Here in Kansas
A list of birds that are becoming more common and less common in Kansas, perhaps because of shifts related to climate change, and the estimated miles the birds have moved north over the last 40 years, according to the Audubon Society.
Less common species:
• Black-billed Magpie, 85.6• American Black Duck, 182.0• Rough-legged Hawk, 178.7• Black-capped Chickadee, 90.3• American Crow, 88.8
More common species:
• Snow Goose, 217.1• Hermit Thrush, 91.4• Wood Duck, 37.1• Marsh Wren, 25.2• Ring-necked Duck, 219.2
Washington An Audubon Society study to be released today found that more than half of 305 birds species in North America, a hodgepodge that includes robins, gulls, chickadees and owls, are spending the winter about 35 miles farther north than they did 40 years ago.
The purple finch was the biggest northward mover. Its wintering grounds are now more along the latitude of Milwaukee, Wis., instead of Springfield, Mo.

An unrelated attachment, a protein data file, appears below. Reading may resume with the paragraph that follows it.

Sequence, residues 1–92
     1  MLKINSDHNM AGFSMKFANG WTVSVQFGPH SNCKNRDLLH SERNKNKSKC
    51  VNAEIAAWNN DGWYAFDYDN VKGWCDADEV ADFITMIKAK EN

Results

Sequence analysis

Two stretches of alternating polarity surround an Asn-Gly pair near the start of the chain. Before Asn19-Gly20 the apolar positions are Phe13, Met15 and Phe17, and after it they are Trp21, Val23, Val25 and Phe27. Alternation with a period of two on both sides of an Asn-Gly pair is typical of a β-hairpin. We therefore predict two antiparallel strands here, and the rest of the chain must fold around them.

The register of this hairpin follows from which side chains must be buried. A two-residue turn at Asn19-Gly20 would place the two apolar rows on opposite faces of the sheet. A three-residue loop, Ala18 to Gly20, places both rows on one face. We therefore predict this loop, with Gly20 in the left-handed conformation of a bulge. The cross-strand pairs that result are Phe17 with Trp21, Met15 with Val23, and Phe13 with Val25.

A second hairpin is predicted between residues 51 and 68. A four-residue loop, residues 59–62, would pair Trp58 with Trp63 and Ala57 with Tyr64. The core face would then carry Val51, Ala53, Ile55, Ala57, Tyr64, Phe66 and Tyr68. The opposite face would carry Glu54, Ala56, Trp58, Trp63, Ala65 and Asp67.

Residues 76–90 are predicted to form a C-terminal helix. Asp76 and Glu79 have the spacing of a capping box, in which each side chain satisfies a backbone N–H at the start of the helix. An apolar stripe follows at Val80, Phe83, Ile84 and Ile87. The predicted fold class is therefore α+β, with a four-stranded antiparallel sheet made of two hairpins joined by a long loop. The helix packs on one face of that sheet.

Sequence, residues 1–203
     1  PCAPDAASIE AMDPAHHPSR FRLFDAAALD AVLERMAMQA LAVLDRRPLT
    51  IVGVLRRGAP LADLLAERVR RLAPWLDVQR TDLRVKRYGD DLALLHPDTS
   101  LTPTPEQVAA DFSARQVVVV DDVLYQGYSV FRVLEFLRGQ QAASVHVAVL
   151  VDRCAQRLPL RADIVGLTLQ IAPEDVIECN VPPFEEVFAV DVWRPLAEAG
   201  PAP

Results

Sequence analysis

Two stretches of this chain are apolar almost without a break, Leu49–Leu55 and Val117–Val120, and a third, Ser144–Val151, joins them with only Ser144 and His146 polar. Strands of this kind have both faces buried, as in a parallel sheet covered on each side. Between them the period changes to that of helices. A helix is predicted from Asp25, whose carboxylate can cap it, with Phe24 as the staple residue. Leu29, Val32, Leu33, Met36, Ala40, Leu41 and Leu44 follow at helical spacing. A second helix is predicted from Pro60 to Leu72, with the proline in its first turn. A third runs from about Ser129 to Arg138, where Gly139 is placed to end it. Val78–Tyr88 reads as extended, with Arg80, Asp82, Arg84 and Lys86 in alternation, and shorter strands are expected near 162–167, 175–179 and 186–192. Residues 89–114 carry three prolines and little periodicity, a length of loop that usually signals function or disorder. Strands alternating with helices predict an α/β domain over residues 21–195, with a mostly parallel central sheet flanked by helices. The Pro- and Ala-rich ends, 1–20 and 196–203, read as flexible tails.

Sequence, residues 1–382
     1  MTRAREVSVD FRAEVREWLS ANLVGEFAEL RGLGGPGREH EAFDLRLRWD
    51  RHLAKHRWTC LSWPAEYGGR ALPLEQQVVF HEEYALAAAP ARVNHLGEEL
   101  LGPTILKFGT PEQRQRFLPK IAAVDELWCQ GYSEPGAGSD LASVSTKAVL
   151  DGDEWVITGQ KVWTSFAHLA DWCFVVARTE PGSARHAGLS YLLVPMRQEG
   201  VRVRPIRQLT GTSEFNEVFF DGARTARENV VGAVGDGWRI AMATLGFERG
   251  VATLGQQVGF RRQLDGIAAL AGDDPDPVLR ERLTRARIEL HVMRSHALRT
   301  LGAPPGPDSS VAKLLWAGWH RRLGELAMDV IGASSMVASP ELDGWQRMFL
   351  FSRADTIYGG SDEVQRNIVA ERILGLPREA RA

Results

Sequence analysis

Bird ranges can expand and shift for many reasons, among them urban sprawl, deforestation and the supplemental diet provided by backyard feeders. But researchers say the only explanation for why so many birds over such a broad area are wintering in more northern locales is global warming.
Over the 40 years covered by the study, the average January temperature in the United States climbed by about 5 degrees Fahrenheit.
“This is as close as science at this scale gets to proof,” said Greg Butcher, the lead scientist on the study and the director of bird conservation at the Audubon Society. “It is not what each of these individual birds did. It is the wide diversity of birds that suggests it has something to do with temperature, rather than ecology.”